x2 = 1.01325966115

x3 = 1.26616078717

x4 = 1.29157926088

x5 = .997263593179

x6 = .690061410742

x7 = .499897531935

My purpose here is to show that with proper techniques we can find reasonable solutions to very ill-conditioned systems. Systems as badly conditioned as Valentin's example are unlikely to occur in practice; they must be artificially constructed. But, if we can handle them, then we can certainly handle the ones we encounter in real life problems.

Palmer, it would be good if you tried solving the system on your various calculators, consisting of the column matrix perturbed in the third element, and the {3,7} and {7,7} elements of the A matrix perturbed as I described. I think you will find that you don't get wildly varying results with these changes. For example, on my HP48S, which uses the same matrix routines as the HP28, I get about 9 or 10 digit agreement with the solution posted above, whether I use the divide key or invert the A matrix and multiply times the column matrix."

My HP-28S yielded

B/A INV A *BMy HP-28S solutions are consistent with Rodger's results from his HP-48S. Note that when using the B/A method the product of matrix A and the solution vector yields exactly the B vector.X A*X X A*X

1.20999247808 45.3 1.20999247808 45.2999999988

1.01325466114 48.4 1.01325966123 48.3998999983

1.26616078724 45.1 1.26616078741 45.0999999989

1.29157926094 18.6 1.29157926101 18.6000000005

0.99726359318 36.7 0.997263593181 36.6999999992

0.690061410687 24.9 0.690061410466 24.9000000001

0.499897531784 40.7 0.499897531481 40.6999999991

The simultaneous equation solution with my TI-85 is

1.2099924779883where the product of the A matrix and the solution matrix yields exactly the B matrix.

1.0132596611477

1.2661607871723

1.2915792608817

0.99726359317885

0.69006141074113

0.49989753192964

The solution from my Model 100 is

X B - A*Xwhere in the second column I listed B - A*X rather than A*X to avoid typing in all those zeroes. I wasn't pleased with the TI-85 and Model 100 results. We were hoping to get a solution closer to all ones using the modification to Valentin's problem, but the TI-85 and Model 100 solutions were further away, not closer than with Valentin's original problem. It occurred to me that perhaps the exact solution to the perturbed problem wasn't all ones. I went to my HP-49G emulator and solved the problem in the exact mode with the following results1.2099924779846 -1e-12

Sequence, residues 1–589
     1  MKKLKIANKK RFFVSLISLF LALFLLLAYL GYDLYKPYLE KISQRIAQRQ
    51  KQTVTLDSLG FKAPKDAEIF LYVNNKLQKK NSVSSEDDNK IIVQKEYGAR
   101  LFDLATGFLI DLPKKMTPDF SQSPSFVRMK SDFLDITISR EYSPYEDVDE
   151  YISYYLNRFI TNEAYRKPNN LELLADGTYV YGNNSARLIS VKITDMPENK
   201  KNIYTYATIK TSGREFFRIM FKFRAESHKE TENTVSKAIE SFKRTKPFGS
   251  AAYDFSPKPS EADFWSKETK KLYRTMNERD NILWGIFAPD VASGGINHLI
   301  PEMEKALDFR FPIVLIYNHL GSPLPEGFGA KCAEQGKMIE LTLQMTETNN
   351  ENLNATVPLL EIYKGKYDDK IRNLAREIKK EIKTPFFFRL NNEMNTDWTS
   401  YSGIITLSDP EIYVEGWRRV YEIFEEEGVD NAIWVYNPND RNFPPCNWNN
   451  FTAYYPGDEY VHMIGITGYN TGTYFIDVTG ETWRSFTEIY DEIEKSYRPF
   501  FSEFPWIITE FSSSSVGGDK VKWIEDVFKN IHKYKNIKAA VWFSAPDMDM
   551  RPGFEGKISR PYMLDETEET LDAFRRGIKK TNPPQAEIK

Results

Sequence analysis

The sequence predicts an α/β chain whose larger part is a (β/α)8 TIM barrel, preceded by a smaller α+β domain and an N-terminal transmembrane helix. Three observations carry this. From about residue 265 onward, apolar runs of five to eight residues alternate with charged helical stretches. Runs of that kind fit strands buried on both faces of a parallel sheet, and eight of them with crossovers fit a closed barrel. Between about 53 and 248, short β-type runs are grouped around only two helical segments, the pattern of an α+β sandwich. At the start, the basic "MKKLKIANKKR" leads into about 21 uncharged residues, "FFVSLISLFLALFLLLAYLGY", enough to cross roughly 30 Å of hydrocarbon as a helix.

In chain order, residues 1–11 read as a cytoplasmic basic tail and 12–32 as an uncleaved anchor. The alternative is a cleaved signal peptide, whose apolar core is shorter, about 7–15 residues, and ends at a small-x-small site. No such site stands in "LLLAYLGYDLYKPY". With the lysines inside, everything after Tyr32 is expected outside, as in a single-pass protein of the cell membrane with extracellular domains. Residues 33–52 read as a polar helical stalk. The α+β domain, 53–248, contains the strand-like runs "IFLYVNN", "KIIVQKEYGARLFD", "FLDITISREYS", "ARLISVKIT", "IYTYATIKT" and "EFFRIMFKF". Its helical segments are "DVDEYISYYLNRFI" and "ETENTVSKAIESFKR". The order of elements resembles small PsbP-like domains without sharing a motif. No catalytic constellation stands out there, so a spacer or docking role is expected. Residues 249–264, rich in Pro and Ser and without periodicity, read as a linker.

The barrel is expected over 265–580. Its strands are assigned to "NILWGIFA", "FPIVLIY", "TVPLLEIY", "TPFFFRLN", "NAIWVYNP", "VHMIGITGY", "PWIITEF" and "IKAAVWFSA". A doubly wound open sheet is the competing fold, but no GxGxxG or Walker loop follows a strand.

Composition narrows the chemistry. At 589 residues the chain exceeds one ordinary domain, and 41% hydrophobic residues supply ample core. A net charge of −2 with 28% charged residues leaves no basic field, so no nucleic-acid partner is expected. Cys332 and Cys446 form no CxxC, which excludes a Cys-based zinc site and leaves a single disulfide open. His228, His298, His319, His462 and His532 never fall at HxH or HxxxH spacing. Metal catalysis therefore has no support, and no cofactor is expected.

1.0132596611482 2e-12

1.2661607871704 1e-12

1.291579260881 1e-12

0.99726359317867 0

0.69006141074154 0

0.49989753193417 1e-12

x1 = 9667493448/7989713675 = 1.2099924779845which confirmed my suspicions.

x2 = 8095654571/7989713675 = 1.013259661148

x3 = 10116362156/7989713675 = 1.2661607871699

x4 = 10319348483/7989713675 = 1.2915792608801

x5 = 7967850568/7989713675 = 0.99726359317876

x6 = 1102678618/1597942735 = 0.6900614107426

x7 = 3994038147/7989713675 = 0.49989753193502

The results obtained with the MATRIX routine in the HP-41 Math Pac module and the ML-02 routine in the TI-59 Master Library module:

HP-41 TI-59where the differences from the exact answer are only seen in the lower order digits of each machine. The determinants for the modified matrix A are1.209992482 1.209992478108

1.013259663 1.013259661129

1.266160800 1.266160787202

1.291579278 1.29157926087

0.997263593 0.9972635931871

0.690061393 0.6900614107704

0.499897511 0.4998975318243

Exact 798.9713675Some playing with the numbers on my HP-28S:

HP-41 798.9713752

HP-28S 798.971367542

TI-59 798.9713674893

TI-85 798.9713675

If I multiply Valentin's original A matrix times the X vector from from the third modification with A(3,7), A(7,7) and B3 changed I get

45.3where the RMS relative error with respect to the B vector of the third modification is 2.672e-02. Furthermore, If I multiply the original A matrix by a vector obtained by rounding the X vector to the nearest 0.25, i.e., a vector made up of the elements 1.25, 1, 1.25, 1.25, 1, 0.75, 0.5 I get

48.4

45.0500102468

18.6

36.7

24.9

40.7499897532

45.35which has n RMS relative error with respect to the B vector of the third modification of 2.988e-02

48.45

45.025

18.6

36.7

24.9

40.725

As a novice to the idea of perturbing problems to relieve ill-conditioning I am not sure what all of this means.

Finally, Rodger suggested that someone should translate a Fortran program for singular value decomposition (SVD) for use with BASIC. I took a quick look. Someone else will have to do it. I haven't done any Fortran programming since about 1970.